Over 150 students at the New Hope School of Health Sciences (NEHSOHS) and those at the Stockton Creek Clinic Medical School of Health Sciences (SCCMASHS) in the Borough of New Kru Town, outside Monrovia, were overjoyed yesterday when the president of the Borough Teachers Association presented several cartons of education materials to them.
In his separate presentation statements, Robert B. Teah, reminded the students (all under the nurse assistant program) that they were dear to the community because they have chosen the healthcare career, which due to the Ebola outbreak last year, was in need of medical practitioners.
The Borough School System has 78 schools, comprising of private, public and community schools.
The donation included cartons of notepads, reading materials, chalkboards, and textbooks that contain health-related instructions.
Mr. Teah had earlier made similar donations to the Mark J. Richards High School, Bishop Raymond P. Koffa High School, Samuel Slewion Doe Memorial High School and the Fulani Community School in the Borough.
The Director of NEHSOHS, Samuel J. Dogba, received the items on behalf of the students, while at SCCMAHS, the Administrator, Emmanuel G. Savice, represented the students when he received the items.
In their respective statements, the two administrators expressed gratitude to Mr. Teah for the donations and promised to distribute them fairly among the students.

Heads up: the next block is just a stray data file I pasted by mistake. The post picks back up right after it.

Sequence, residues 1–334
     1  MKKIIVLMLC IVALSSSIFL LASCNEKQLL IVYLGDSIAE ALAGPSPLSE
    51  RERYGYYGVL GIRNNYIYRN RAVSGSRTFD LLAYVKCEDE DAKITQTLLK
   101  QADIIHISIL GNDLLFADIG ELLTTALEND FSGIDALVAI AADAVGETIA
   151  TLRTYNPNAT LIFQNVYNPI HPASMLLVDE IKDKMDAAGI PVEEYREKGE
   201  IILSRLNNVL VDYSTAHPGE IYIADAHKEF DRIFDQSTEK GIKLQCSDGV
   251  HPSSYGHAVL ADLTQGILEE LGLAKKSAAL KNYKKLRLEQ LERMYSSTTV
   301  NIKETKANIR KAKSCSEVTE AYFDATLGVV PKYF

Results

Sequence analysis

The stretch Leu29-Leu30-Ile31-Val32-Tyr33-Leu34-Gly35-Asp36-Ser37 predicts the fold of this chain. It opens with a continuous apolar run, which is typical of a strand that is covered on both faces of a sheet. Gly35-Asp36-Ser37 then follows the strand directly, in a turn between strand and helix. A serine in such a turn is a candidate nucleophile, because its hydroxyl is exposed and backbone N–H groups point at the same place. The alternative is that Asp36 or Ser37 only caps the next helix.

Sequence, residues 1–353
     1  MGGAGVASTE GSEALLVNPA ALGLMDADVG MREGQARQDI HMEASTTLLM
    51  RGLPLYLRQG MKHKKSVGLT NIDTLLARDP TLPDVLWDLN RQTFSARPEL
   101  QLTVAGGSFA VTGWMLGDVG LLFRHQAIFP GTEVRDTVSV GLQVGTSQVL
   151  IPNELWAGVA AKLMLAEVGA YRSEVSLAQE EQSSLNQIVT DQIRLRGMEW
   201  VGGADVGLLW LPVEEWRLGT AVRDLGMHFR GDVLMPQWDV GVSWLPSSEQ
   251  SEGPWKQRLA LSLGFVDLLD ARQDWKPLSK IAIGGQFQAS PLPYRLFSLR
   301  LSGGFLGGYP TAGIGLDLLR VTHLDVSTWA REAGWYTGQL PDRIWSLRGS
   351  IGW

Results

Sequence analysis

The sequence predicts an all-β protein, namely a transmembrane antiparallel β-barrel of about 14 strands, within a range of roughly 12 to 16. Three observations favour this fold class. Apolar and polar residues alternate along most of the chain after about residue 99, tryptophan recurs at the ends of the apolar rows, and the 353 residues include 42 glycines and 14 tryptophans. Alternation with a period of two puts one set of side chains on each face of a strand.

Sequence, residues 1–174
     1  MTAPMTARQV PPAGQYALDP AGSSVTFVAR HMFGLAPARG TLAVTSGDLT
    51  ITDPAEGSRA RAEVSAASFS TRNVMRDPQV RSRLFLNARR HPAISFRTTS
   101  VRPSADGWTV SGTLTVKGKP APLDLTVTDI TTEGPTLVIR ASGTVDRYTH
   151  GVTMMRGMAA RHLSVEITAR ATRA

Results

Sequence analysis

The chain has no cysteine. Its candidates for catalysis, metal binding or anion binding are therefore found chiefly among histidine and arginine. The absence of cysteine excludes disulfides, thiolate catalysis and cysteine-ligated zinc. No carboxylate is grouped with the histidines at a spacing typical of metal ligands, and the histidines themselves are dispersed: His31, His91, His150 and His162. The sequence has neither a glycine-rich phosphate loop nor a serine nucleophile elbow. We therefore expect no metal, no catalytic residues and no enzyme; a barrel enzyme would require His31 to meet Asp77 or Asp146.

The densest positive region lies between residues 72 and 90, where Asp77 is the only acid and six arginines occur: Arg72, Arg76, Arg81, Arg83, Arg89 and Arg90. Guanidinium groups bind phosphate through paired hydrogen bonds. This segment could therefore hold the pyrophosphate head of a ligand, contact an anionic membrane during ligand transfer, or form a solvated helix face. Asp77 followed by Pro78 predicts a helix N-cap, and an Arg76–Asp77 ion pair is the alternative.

Apart from his intervention yesterday, Mr. Teah runs the Juah Sarwee Memorial Welfare, a tuition-free primary school named after the grandmother of President Ellen Johnson Sirleaf. The school has an enrollment of 2,114 students, beginning from ABC to 9th grade level.
The school, according to Mr. Teah, was established in 2003 to put the “less fortunate, under-privileged, and destitute children” into academic classes where they would acquire formal education free of charge. The Ministry of Education has assigned 34 teachers to the school, bringing the total staff members to 62.
He said the school is only intended to help vulnerable children including orphans and the youth who are not in school, but roaming in the streets, communities, and market places due to poor parental care.
“This undertaking is also to help buttress parent/guardian efforts to get their children in school in order for them to become useful and productive citizens,” Mr. Teah told the Daily Observer.
He has meanwhile expressed gratitude to those philanthropic organizations and individuals who have made financial and material contributions to the school.